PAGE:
Many of the data fields shown in this example are filled with mnemonic identifiers that stand in for numeric values. This feature permits easier hand administration: an operator can edit the file and add, change or replace entries without a complex software tool. Some configuration file formats may allow executable or “script” values that can interrogate a device dynamically, or binary values that may be sent to the mass storage device to cause it to operate in a desired manner.
Other configuration database formats are also possible. For example, an Extensible Markup Language (“XML”) database is still text-based, so it can be edited by hand if necessary, but the hierarchical structure of XML files simplifies machine processing. Field-upgradeable databases can also be structured as binary (non-text) files that are not easily manipulated by hand, but that may be smaller, more secure, or more easily processed by machine. System administration logic may permit mass storage device descriptors in any of these database formats to be added, updated, or deleted.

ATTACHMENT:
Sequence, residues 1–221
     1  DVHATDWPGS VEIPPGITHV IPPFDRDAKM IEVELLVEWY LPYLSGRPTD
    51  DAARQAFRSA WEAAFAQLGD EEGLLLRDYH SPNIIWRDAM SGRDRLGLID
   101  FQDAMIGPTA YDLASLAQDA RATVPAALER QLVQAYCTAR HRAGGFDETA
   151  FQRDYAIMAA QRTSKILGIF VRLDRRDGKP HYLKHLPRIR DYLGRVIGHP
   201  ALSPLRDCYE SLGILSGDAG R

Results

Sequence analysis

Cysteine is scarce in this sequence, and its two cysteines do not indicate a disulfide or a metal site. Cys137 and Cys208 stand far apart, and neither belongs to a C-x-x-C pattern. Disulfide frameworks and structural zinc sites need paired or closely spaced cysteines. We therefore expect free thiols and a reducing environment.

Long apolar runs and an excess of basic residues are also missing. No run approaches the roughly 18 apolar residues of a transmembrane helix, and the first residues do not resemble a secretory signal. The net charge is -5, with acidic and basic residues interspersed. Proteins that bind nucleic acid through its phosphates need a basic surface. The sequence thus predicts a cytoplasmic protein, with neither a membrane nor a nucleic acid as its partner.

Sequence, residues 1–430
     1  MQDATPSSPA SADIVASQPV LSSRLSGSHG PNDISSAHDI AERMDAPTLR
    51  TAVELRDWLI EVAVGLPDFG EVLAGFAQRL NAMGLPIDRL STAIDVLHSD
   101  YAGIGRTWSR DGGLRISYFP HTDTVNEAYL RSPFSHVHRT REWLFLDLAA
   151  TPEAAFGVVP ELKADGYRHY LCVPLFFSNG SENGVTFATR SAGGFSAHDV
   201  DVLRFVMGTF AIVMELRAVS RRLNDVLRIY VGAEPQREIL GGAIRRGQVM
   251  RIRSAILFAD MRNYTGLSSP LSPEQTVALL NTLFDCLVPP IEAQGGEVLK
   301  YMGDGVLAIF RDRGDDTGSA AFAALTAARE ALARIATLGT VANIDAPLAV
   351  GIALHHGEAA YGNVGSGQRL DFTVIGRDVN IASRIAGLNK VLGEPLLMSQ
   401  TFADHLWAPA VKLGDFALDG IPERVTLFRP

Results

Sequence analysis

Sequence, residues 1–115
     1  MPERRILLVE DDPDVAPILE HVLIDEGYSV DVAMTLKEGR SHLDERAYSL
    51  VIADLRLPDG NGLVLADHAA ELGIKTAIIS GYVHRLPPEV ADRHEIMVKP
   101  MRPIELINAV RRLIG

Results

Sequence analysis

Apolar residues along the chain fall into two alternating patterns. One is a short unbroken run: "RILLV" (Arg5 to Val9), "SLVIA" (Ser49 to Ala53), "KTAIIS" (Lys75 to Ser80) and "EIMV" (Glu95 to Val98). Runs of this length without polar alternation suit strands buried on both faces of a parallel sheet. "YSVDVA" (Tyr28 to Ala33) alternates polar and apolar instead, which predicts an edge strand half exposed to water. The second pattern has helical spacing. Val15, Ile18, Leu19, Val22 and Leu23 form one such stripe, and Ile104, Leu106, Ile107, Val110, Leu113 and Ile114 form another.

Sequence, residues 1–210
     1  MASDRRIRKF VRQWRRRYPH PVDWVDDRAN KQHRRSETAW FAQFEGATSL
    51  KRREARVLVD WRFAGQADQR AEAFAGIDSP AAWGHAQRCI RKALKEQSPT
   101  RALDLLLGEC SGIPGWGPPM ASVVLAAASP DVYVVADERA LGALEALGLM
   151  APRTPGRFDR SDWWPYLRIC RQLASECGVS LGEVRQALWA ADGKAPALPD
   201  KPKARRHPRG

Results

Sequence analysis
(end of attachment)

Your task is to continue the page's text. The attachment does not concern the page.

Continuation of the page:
An embodiment of the invention may be a machine-readable medium having stored thereon instructions which cause a programmable processor to perform operations as described above. In other embodiments, the operations might be performed by specific hardware components that contain hardwired logic. Those operations might alternatively be performed by any combination of programmed computer components and custom hardware components.
A machine-readable medium may include any mechanism for storing or transmitting information in a form readable by a machine (e.g., a computer), including but not limited to Compact Disc Read-Only Memory (CD-ROM), Read-Only Memory (ROM), Random Access Memory (RAM), and Erasable Programmable Read-Only Memory (EPROM).
The applications of the present invention have been described largely by reference to specific examples and in terms of particular allocations of functionality to certain hardware and/or software components. However, those of skill in the art will recognize that dynamic mass storage device qualification can also be performed by software and hardware that distribute the functions of embodiments of this invention differently than herein described. Such variations and implementations are understood to be captured according to the following claims.